Bioenergy projects that produce electricity and/or heat from solid fuels mostly use feedstocks that are sourced locally, such as residues from agricultural, forestry processes and timber processing, and municipal solid waste. Increasingly, however, solid biomass fuels are being processed and transported (most often in the form of pellets) to where markets are available and most profitable. This growth in biomass pellet production to serve international markets for heat and electricity production is an important development in the sector.
In 2018, global production of biomass pellets reached an estimated 55 million tonnes. China contributed around 20 million tonnes – up five-fold from 2014 – produced mainly from wood and agricultural residues and used almost entirely domestically. The other top producing regions were Europe (17 million tonnes) and North America (11 million tonnes). Excluding China (where information on pellet usage is unclear), nearly 17 million tonnes of pellets were used worldwide for power generation and CHP production (and other industrial purposes) in 2018, and 18 million tonnes were used to provide heat in the residential and commercial sectors. Excluding pellets produced in China, pelleted fuels generated an estimated 90 TWh of electricity, representing around 6% of the biomass used for electricity generation. Pellets also provided an estimated 7.5% of the biomass used to heat buildings.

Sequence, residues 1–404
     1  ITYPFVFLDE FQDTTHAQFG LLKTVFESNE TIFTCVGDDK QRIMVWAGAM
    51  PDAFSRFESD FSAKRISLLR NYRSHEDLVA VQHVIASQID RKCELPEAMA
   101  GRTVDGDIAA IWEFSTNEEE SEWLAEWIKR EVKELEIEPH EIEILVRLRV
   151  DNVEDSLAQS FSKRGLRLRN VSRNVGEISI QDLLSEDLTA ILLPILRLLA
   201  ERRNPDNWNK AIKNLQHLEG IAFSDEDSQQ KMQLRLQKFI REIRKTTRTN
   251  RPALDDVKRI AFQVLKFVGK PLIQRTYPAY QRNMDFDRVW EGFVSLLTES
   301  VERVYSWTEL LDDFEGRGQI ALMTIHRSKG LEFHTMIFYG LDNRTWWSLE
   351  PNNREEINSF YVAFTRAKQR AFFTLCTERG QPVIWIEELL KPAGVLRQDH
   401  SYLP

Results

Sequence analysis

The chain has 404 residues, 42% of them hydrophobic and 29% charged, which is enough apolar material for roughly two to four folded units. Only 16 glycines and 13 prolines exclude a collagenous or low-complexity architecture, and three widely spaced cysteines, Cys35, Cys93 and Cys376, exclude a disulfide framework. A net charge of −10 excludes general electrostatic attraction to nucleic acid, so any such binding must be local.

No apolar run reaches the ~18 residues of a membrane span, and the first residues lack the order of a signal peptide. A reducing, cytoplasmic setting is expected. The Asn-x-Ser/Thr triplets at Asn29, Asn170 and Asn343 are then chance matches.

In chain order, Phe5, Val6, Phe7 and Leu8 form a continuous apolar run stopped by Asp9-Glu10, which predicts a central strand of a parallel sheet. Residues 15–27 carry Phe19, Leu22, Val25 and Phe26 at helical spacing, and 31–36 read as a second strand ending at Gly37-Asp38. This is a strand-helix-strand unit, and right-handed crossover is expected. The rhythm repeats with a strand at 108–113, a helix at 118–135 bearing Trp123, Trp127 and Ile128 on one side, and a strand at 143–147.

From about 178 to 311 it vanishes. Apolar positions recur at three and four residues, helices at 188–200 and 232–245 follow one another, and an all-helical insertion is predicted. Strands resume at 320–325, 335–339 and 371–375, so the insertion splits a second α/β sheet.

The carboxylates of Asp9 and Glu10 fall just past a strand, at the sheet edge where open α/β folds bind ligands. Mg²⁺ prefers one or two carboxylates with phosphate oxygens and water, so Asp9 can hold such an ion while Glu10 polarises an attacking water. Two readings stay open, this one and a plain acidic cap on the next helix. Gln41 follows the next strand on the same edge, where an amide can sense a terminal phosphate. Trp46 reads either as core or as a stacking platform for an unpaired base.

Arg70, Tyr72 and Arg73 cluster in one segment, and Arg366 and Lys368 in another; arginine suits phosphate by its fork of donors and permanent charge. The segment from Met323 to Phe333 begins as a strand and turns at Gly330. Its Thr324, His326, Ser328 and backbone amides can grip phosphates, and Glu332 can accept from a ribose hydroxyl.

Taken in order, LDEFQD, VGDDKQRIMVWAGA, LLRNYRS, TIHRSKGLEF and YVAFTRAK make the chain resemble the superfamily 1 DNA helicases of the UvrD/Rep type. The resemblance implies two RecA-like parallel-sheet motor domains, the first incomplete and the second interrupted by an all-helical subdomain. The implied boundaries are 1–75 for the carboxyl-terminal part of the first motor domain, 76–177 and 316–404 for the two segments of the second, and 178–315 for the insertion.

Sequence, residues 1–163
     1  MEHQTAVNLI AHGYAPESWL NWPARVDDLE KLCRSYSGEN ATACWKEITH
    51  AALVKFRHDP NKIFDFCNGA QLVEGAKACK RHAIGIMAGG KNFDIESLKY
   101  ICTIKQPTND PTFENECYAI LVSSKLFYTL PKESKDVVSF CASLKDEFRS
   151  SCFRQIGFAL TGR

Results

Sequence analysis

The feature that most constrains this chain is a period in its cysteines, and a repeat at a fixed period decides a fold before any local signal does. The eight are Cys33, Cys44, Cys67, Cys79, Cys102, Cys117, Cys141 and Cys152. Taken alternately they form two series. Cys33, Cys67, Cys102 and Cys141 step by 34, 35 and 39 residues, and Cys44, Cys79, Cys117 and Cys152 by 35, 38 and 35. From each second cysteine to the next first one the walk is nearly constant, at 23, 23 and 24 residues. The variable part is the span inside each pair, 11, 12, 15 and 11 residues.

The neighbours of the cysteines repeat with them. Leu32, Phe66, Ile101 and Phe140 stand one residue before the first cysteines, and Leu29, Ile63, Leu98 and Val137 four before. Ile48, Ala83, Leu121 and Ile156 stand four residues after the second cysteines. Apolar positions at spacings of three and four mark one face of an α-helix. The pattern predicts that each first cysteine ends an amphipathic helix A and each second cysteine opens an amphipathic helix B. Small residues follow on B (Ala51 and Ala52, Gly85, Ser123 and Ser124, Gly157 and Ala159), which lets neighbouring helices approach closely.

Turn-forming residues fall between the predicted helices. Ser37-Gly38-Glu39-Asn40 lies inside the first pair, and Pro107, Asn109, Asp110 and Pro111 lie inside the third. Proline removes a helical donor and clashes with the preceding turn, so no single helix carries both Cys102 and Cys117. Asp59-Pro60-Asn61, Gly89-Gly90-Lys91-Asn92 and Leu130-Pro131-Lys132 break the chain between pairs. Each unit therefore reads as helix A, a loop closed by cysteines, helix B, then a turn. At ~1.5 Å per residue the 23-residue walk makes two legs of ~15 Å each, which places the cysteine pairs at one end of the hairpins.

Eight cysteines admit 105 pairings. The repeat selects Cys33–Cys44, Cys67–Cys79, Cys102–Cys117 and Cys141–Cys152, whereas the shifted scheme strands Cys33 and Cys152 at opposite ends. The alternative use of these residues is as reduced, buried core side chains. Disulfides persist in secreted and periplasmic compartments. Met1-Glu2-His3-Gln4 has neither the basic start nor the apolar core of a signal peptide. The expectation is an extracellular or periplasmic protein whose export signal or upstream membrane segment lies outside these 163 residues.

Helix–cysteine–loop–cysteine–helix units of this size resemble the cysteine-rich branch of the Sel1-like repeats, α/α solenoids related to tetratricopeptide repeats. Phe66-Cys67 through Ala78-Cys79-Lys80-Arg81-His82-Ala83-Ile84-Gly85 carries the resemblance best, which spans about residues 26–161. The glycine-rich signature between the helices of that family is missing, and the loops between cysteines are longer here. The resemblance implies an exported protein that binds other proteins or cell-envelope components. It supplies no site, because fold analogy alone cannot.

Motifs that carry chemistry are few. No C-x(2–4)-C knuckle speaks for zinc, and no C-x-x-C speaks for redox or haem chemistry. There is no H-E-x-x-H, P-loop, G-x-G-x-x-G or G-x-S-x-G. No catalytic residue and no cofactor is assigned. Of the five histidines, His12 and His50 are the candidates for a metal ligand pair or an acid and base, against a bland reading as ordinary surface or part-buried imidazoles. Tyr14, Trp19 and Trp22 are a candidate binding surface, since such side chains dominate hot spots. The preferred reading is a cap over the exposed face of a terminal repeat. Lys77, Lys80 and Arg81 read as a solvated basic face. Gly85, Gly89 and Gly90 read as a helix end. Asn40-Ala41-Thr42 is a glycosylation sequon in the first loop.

The global trade in wood pellets initially relied on subsidiary companies established by major users such as Drax (United Kingdom) and RWE (Germany), which, in the absence of alternatives, invested in vertically integrated supply chains to meet their own demand. More recently, however, the market has shifted to third-party supply from major producers such as Enviva (United States), Graanul Invest (Baltic States) and Pinnacle Renewable Energy (Canada), as well as smaller-scale regional suppliers such as An Viet Phat (Vietnam) and FRAM Renewable Fuels, Highland Pellets and Pacific Bioenergy (all United States). These companies have invested in production capacity and logistics to match long-term supply contracts from major power producers in Europe and Asia.
Most of the pellet supply is produced from wood residues that are dried and compressed, which results in a product with a higher energy density than wood chips. However, work is ongoing to develop and commercialise pellets made by torrefaction, which have an even higher energy density and can substitute for coal. In 2019, Clean Electricity Generation (United Kingdom) delivered its “Bio-Coal” pellets for trials at a district heating system in France, ahead of the development of a commercial-scale plant in Estonia that aims to produce 157,000 tonnes of pellets a year.
Fig: Biomass pellets combustion
Featured Image source: Bio Energy Insight